Consultation was undertaken with NES, NES Technology and NHS National Services Scotland in the design and governance of the service. The CGS has also been regularly discussed with Optometry Scotland, a key representative body of the optometry sector in Scotland.

Feedback was then scrutinised, with any required changes being incorporated into the service, prior to going live.

The scope of the EQIA is therefore all work involved in the design, development and delivery of the CGS, including the approach taken with stakeholder engagement and the final structure and implementation of the service.

Key Findings

The CGS positively impacts on certain protected characteristics, in particular age, disability and race. In addition, the service offers the opportunity to promote equality as well as indirectly foster good relations in the community.

Older people are more likely to develop glaucoma and are the largest group who will be directly impacted by the CGS. The main beneficial impact for elderly patients receiving their glaucoma treatment in a community setting is that they may find it easier to access care closer to home rather than traveling to hospital.

To ensure the service is equally available to disabled patients, all CGS practices must provide full access to disabled and wheelchair-using patients. This means that they too can benefit from the convenience of a local service.

As well as age, glaucoma is known to affect a higher proportion of people who are of African-Caribbean or East Asian origin than the general population. To ensure parity of service, the Scottish Government and the NHS will be providing CGS patient information in different languages. Consultation is now ongoing with relevant bodies to provide CGS patient leaflets and documents in different languages, sizes and formats as per the EQIA assessment findings.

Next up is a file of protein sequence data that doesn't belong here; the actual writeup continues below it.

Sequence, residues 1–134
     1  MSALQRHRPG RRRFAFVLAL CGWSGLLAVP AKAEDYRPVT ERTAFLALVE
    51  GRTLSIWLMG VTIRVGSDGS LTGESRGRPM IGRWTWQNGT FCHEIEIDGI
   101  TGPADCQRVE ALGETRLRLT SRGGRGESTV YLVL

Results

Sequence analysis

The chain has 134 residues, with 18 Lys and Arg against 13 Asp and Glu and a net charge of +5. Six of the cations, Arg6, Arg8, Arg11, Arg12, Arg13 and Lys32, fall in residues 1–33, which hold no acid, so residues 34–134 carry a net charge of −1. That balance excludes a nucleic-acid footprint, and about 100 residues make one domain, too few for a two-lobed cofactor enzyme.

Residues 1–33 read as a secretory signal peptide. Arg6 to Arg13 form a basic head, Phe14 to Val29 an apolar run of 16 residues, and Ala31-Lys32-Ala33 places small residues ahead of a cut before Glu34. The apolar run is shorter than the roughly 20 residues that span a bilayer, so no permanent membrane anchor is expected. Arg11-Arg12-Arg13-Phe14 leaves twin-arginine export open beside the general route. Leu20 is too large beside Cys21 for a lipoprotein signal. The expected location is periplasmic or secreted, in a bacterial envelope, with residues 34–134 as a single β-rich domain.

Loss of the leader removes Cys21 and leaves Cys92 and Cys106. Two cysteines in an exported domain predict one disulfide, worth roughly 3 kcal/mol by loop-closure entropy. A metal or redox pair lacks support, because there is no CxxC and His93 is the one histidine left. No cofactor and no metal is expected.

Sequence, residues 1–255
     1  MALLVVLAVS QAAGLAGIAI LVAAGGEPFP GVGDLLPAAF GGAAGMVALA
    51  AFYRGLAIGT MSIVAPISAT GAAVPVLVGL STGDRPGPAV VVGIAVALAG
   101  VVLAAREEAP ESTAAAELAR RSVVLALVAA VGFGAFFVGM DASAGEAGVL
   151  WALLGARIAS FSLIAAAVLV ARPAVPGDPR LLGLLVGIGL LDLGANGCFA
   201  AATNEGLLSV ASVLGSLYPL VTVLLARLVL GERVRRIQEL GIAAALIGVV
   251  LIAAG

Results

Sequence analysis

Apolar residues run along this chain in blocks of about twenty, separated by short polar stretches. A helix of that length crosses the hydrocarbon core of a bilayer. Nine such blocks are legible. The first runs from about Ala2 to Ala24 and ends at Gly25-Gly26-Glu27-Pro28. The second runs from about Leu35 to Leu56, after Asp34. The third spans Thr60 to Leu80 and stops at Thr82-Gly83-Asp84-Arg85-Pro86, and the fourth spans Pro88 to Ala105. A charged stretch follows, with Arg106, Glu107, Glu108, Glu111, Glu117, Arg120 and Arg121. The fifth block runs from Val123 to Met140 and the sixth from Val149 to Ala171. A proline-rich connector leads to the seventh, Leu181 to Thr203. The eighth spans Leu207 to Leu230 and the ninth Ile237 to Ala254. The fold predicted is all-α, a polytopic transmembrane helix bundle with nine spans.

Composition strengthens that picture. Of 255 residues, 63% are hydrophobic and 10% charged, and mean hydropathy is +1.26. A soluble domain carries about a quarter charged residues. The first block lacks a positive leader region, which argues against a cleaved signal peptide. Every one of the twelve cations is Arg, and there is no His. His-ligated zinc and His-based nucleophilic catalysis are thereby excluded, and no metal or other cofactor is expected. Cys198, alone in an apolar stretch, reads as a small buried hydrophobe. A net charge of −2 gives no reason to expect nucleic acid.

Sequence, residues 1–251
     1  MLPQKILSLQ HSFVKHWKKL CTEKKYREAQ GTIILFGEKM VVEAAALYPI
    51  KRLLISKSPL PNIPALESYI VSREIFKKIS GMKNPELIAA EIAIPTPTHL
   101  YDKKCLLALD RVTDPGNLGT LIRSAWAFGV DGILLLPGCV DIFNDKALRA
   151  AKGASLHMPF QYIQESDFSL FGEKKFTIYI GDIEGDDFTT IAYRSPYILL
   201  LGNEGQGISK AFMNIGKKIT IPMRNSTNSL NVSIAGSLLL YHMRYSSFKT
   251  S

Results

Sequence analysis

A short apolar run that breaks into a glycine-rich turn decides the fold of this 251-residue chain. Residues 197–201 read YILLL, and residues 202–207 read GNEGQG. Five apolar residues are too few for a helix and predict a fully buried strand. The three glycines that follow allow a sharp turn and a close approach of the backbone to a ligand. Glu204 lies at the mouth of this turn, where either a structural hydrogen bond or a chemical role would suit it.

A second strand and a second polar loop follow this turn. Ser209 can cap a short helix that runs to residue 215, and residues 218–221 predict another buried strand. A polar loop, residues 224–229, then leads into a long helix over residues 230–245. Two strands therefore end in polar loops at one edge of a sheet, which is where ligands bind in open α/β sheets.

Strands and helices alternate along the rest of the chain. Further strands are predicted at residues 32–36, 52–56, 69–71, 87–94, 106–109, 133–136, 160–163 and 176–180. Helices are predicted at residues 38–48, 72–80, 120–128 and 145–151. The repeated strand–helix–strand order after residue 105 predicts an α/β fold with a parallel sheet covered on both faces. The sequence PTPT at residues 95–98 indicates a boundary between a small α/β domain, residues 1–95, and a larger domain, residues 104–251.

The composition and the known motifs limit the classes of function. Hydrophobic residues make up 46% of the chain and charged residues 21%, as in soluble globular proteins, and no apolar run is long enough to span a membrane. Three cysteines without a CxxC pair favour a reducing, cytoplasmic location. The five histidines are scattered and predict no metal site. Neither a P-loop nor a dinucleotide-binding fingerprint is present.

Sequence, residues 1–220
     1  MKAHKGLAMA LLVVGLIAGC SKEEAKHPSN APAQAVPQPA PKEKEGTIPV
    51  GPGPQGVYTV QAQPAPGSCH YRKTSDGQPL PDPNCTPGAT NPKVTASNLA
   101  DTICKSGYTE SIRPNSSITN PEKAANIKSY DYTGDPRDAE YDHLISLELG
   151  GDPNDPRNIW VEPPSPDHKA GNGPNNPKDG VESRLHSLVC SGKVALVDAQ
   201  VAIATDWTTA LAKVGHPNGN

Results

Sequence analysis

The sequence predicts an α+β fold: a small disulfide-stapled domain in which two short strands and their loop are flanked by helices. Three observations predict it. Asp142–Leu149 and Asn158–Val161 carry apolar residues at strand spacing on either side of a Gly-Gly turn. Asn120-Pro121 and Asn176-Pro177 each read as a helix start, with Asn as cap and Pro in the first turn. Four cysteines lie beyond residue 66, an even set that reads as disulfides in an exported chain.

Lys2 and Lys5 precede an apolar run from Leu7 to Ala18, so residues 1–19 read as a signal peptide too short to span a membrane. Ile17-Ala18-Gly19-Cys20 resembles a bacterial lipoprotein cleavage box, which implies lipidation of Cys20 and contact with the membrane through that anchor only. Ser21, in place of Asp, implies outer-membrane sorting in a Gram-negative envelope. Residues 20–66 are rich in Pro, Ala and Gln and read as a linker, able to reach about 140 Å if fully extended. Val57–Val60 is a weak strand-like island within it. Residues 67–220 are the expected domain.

Health Boards are also required to provide translation services where needed.

With the CGS being provided in a community-care setting, this helps in fostering good relations by providing the opportunity for different generations, disabled people and those from different races to mix with the general population whilst receiving care.

Recommendations and Conclusion

In addition to the findings detailed above, the issue of transport for disabled patients to optometry practices providing the CGS requires to be resolved. Work is underway to explore whether eligible patients with mobility issues can be transported by the Scottish Ambulance Service (under its Patient Transport Service) to and from the practice to receive their treatment. If this is not viable patients will remain in HES to continue their treatment.

It is recommended that a review of the service be undertaken following the completion of this work to understand what further changes, if any, are required.

There is no other evidence to suggest that the CGS would have a negative impact on protected characteristics. As outlined above, it is expected that the policy will have an overall positive impact on protected characteristics.